Transcom’s operations center decides whether to send aid via cargo plane or by ship based on how quickly European Command needs it to arrive. Though military cargo planes like C-17s offer the fastest delivery option, they incur the highest costs. About half of Transcom’s airfreight is handled by a fleet of contracted, commercially owned aircraft, including 747s, each of which can carry double the weight a C-17 can.
Whenever possible, though, military planners send goods on cargo ships, a less expensive option.
“We’ve activated two vessels and used multiple liner service vessels to deliver cargo bound for Ukraine,” said Scott Ross, a spokesman for the command. The vessels and more than 220 flights had delivered just over 19,000 tons of military aid to Ukraine since August, he said.
On one of the large screens in Colonel Buente’s operations center, about a dozen missions were listed in order of importance. At the top were two “1A1” missions supporting some of the command’s most important customers: the president, vice president, the secretaries of state and defense as well as the chairman of the Joint Chiefs of Staff.
Immediately below those missions was Reach 140, the C-17 flying to Davis-Monthan Air Force Base in Arizona. Thousands of aircraft have baked there in the sun, including 13 Russian-made Mi-17 helicopters that the United States had bought for Afghanistan before Kabul fell to the Taliban.
In recent months, 12 of the helicopters were shipped to countries near Ukraine, returned to flying condition and handed over to Ukrainian pilots for the fight with Russia.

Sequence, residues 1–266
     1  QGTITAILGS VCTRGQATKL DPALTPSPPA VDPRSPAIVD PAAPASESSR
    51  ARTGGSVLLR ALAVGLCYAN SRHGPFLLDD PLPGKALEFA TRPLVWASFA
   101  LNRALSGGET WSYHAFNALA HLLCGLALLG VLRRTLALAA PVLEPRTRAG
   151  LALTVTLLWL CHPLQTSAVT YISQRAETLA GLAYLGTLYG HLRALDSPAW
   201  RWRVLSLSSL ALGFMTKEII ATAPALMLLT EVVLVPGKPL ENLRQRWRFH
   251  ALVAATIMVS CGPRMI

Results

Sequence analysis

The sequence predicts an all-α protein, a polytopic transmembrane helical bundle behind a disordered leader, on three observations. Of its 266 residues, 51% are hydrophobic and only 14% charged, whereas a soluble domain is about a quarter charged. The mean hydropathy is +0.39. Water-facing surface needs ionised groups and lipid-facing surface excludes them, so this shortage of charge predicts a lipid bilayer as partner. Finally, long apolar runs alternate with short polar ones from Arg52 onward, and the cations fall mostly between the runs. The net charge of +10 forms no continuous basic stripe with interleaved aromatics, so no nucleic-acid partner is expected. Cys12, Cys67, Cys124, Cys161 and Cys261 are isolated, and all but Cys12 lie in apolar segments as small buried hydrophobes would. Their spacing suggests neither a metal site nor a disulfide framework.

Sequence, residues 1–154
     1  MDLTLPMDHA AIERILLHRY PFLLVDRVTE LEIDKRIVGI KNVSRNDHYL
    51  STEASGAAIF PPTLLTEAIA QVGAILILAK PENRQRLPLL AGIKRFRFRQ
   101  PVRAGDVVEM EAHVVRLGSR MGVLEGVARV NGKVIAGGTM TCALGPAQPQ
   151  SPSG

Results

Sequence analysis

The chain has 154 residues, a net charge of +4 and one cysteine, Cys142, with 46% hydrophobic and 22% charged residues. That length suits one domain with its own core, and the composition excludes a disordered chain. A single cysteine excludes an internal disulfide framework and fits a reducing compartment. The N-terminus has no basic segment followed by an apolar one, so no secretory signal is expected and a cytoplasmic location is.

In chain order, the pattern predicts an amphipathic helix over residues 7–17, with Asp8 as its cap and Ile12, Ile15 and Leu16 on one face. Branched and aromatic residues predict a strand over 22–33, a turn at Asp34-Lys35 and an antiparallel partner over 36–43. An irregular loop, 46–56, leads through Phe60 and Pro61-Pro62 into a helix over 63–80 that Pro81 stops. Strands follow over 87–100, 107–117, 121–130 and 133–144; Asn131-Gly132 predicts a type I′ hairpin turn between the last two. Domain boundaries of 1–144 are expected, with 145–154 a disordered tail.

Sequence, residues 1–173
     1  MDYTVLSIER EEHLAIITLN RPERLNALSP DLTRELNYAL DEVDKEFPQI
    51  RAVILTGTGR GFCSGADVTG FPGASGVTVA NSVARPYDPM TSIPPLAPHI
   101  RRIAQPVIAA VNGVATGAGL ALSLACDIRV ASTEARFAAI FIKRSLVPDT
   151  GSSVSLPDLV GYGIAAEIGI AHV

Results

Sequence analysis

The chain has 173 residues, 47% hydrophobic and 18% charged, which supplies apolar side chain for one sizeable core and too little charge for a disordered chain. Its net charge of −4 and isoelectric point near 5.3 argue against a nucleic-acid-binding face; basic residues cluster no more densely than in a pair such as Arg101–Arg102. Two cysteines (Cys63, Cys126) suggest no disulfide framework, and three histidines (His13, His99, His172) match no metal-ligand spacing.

As the airmen tracked the C-17, a handful of soldiers and civilians in a small Army-run section of Transcom monitored a separate mission: four cargo trains moving across the United States as well as several cargo ships, some of which were owned by the Navy.
One of the Navy vessels was heading from Norfolk, Va., to a military port in North Carolina, where it would be loaded with ammunition for M142 HIMARS rocket launchers long desired by the Ukrainian military. The rockets, packed in bundles of six and loaded into 20-foot shipping containers, were also en route to the port. Cranes would soon lift the metal boxes off tractor-trailers and rail cars, stack them aboard the ship and lock them into place for a journey at sea lasting about two weeks.
Most of the Pentagon’s military aid sent to Ukraine on ships goes to two German ports — one on the North Sea and the other on the Baltic.
To keep potential adversaries from closing off routes for Ukraine military aid, Army planners can set up operations at any one of dozens of ports on the two seas. Russian warships have largely shut down the most direct routes for resupply missions — Ukrainian ports in the Black Sea.
At the 618th, where presidents and secretaries of defense can reassign planes in a heartbeat for emergencies around the world, a screen that usually displays a classified map of global threats to military air and sea shipments was blacked out for security reasons while a reporter was in the room.
And three of the televisions were set to cable news because, as Colonel Buente explained, “we usually end up reacting to breaking news.”